Principles of Vegetation Measurement & Assessment
and Ecological Monitoring & Analysis


Veg Sampling
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Module 6 - Frequency or Abundance

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Lesson Instructions

  1. Read through the Overview and Learning Objectives.
  2. Complete the Required Reading.
  3. Read and review the Lectures.
  4. Visit suggested Internet Sites in the lectures.
  5. Check the schedule for the required Assignment.
  6. Complete assignments and submit by Blackboard:
       Content Summary due by Midnight on Tuesday, October 09.
    Data Summary
    due by Midnight on Tuesday, October 16.

ReadingSuggested Further Reading:


  • Sampling to Estimate Frequency, Chapter 12 (pp 206-215), Monitoring Plant & Animal Populations by C.L. Elzinga et al. 2001. (Blackwell Science).

  • Frequency & Cover, Chapter 4 (pp 89-130),

    Measurements of Terrestrial Vegetation by Charles Bonham (Wiley)



Suggested Internet Sites:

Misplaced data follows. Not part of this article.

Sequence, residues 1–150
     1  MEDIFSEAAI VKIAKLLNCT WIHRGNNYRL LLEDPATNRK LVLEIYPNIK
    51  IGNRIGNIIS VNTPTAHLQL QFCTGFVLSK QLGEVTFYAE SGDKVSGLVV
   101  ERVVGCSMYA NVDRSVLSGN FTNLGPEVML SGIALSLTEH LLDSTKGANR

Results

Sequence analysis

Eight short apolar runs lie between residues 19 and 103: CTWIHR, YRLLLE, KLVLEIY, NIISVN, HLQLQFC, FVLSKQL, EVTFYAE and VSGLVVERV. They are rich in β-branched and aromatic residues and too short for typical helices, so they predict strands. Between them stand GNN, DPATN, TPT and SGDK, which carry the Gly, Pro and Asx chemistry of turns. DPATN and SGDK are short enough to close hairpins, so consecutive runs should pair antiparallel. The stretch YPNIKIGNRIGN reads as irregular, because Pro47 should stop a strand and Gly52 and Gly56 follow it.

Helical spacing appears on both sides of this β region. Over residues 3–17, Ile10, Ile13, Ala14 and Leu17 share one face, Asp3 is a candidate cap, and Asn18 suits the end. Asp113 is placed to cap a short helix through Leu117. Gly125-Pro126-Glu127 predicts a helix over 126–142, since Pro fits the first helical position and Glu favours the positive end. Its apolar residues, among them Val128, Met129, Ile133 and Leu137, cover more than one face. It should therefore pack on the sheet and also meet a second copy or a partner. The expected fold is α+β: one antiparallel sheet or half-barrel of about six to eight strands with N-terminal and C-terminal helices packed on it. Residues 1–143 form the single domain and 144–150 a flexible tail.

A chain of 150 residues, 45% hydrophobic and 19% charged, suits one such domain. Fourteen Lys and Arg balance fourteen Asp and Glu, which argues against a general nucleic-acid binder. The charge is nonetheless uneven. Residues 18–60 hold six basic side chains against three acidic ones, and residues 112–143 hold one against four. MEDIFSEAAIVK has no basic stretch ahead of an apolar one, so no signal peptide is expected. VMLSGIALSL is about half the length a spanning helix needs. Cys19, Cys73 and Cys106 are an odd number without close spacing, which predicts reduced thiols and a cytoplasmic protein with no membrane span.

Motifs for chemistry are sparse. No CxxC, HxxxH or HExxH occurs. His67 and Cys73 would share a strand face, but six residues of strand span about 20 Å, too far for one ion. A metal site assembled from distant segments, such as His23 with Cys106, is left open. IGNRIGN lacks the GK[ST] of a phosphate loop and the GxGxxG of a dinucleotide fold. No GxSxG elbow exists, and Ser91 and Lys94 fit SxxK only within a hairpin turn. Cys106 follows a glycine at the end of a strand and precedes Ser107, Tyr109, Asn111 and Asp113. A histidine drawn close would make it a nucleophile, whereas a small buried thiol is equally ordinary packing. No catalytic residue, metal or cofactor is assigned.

Learning Materials


Required Reading:


Slides Lecture




What this Lesson Covers


The easiest and most objective measurement in vegetation sampling is to simply declare if a plant is present or not.  When several plots or quadrats are examined then the proportion of plots in which you declare a plant "present" is known as Frequency.  In other words, if you examine a bunch of plots across a landscape and you find a particular plant in 75% of the plots, then, the plant's frequency is 75%. The challenge in using frequency when assessing plant communities is not in the estimating... it is in the analysis.

In this module, we will examine how to measure Plant Frequency and give decision guidelines for when to measure frequency instead of other plant attributes.  Plus, we will include a few tips for analysis of frequency data.

Learning Objectives

After this module you will be able to:

  • Understand the what plant frequency is and when to use it for vegetation assessment. 

  • Explain the difference between frequency, density, and cover.

  • Understand the advantages and challenges in using frequency for characterizing vegetation.

  • Compare single quadrat versus nested quadrat techniques

  • Analyze frequency data when comparing plant communities.